A few previous reports have pointed out defects in Fe/S protein activities in frataxin-deficient cells, but so far no in vivo measurements of the assembly of Fe/S proteins have been performed. Hence, it remained unclear whether reduced Fe/S protein activities had emerged from damage of Fe/S clusters or from impaired biogenesis. In yeast, a YFH1 deletion mutant harbored 5–10-fold lower activities of mitochondrial aconitase as compared to wild-type cells, whereas succinate dehydrogenase was reduced only 2-fold (18). Upon cultivation in low iron-containing media, only a 2-fold reduction of aconitase and hardly any decrease in succinate dehydrogenase activities were observed. This suggested that the majority of these defects in Δyfh1 cells were due to oxidative damage of the Fe/S clusters and were apparently caused by the iron overload in these cells (18). In comparison, we show here that Gal-YFH1 cells are strongly impaired in Fe/S protein maturation, even in the absence of excess iron, clearly demonstrating that Fe/S assembly deficiency is the primary event. Similarly, human endomyocardial biopsy tissues taken from FRDA patients showed a slight (2–3-fold) reduction in aconitase activities relative to healthy controls, but hardly any alterations of complexes II and III of the respiratory chain harboring Fe/S proteins (26). In other patient tissues, aconitase activity was not decreased at all. The best evidence for a function of frataxin in Fe/S protein biogenesis so far comes from mutant mice carrying a targeted frataxin gene inactivation in muscle or neuronal tissues (9). These mice display a progressive deficiency in aconitase and complexes I to III of the respiratory chain, with hardly any defects in 2-week-old mice, yet 4-fold reduced activities after 7 weeks. Interestingly, this defect is followed by iron accumulation in mitochondria of affected tissues. Evidently, mutant mice differ in this feature from our yeast mutant cells, in which mitochondrial iron is elevated in parallel with the impairment in Fe/S protein maturation (see above). Therefore, this finding supports our conclusion that the mitochondrial iron overload in yeast is a consequence of the failure in Fe/S protein maturation. It is clear from previous data that the usually small effects make it difficult to conclude with certainty that a defect in Fe/S cluster biogenesis is the primary reason for hampered Fe/S protein activities. Our study circumvents these disadvantages by the possibility of rapidly decreasing the amount of frataxin and by the direct measurement of the de novo biosynthesis of Fe/S proteins.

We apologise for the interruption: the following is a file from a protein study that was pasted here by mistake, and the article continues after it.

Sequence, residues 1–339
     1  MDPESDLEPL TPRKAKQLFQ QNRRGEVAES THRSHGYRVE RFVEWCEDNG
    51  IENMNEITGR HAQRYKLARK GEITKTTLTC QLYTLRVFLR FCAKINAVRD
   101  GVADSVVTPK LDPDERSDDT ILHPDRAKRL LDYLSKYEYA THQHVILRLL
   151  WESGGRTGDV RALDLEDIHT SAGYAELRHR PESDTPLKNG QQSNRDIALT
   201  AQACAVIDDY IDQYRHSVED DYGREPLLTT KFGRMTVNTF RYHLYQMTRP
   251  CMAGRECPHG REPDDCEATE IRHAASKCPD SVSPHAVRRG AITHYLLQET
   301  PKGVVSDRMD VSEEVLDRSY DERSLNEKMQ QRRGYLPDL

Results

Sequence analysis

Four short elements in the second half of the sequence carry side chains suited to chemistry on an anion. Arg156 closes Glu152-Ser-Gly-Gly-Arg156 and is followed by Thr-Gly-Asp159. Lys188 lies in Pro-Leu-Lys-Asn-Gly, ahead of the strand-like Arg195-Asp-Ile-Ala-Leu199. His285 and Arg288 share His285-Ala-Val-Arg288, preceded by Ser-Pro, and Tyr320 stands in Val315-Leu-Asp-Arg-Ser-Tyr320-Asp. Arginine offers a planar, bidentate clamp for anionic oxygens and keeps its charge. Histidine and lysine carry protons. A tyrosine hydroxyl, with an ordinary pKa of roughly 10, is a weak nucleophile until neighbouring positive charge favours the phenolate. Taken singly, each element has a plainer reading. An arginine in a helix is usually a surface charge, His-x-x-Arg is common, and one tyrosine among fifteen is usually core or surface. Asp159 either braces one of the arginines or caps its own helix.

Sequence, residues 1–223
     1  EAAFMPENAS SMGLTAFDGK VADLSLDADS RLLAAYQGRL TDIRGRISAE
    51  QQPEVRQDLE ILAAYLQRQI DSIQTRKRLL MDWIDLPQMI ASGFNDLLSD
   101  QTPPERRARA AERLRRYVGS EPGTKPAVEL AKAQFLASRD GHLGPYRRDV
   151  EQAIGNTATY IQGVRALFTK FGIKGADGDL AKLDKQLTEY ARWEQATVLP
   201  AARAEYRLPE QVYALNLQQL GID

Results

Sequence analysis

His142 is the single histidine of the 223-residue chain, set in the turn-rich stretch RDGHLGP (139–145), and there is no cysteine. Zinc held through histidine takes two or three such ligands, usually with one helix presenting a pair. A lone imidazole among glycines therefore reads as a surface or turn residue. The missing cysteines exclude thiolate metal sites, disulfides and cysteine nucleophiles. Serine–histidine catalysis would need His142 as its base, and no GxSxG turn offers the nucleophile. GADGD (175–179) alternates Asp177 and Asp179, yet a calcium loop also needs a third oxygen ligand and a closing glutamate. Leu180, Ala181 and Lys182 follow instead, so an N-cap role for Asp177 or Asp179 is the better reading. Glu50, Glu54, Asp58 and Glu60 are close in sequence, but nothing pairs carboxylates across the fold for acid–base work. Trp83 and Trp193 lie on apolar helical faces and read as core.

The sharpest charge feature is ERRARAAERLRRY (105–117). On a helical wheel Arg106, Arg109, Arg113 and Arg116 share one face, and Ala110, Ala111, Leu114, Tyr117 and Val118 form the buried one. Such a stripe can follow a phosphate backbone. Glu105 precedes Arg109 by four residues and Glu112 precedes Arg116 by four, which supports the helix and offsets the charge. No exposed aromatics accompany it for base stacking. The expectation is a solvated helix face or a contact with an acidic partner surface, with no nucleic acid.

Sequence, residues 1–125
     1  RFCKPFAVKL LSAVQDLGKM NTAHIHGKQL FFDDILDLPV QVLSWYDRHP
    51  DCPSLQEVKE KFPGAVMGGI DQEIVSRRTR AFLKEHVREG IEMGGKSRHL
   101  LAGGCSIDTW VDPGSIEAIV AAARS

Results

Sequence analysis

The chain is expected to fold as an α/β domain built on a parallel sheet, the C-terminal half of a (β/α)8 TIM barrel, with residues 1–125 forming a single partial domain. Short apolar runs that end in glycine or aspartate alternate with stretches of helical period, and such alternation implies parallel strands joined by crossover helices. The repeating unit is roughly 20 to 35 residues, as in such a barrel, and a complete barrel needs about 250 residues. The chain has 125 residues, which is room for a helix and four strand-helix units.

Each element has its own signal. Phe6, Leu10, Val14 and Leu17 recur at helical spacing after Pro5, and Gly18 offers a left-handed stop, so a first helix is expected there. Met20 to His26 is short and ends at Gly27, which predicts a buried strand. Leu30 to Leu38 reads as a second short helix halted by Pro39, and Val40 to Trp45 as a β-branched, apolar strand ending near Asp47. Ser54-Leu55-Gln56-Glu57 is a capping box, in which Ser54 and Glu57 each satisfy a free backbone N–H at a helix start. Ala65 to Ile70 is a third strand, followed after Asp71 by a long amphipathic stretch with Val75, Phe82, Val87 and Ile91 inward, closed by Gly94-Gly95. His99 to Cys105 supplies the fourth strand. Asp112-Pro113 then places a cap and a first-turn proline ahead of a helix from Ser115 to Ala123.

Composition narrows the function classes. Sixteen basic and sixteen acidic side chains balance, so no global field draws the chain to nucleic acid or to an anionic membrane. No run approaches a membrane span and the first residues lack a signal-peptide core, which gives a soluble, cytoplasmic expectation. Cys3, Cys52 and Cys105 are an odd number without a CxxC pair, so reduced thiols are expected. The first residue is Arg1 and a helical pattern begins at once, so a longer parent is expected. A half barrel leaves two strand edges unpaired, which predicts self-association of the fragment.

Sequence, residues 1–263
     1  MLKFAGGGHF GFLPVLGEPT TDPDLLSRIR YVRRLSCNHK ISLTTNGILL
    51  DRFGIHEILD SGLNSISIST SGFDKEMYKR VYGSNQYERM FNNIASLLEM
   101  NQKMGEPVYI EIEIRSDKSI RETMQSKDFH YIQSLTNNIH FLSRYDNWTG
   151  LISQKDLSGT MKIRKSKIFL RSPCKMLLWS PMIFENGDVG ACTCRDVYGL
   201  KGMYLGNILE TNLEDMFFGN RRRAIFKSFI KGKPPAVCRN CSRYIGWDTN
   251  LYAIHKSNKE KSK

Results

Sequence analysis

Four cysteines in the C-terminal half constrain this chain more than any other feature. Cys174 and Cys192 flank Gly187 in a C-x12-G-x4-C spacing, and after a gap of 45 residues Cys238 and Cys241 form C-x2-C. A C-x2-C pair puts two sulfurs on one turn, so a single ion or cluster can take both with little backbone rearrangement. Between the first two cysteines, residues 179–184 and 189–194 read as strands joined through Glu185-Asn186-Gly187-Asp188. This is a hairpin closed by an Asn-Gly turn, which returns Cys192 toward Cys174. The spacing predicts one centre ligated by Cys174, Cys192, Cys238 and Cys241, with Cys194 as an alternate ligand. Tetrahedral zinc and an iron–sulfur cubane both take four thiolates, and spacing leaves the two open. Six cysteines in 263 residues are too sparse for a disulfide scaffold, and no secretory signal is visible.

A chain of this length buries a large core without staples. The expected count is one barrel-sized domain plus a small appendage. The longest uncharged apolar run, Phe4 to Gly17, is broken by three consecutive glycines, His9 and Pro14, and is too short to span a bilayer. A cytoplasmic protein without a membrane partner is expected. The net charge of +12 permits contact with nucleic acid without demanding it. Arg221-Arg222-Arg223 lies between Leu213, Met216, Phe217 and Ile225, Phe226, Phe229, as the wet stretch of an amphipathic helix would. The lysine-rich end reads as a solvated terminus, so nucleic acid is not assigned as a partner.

Our investigation has established a function of frataxin in the biogenesis of cellular Fe/S proteins. The elucidation of the exact step of the functional involvement of frataxin is the next challenge in the analysis of this interesting protein. The combination of in vivo studies with our newly developed in vitro system should provide a gateway to tackle this problem.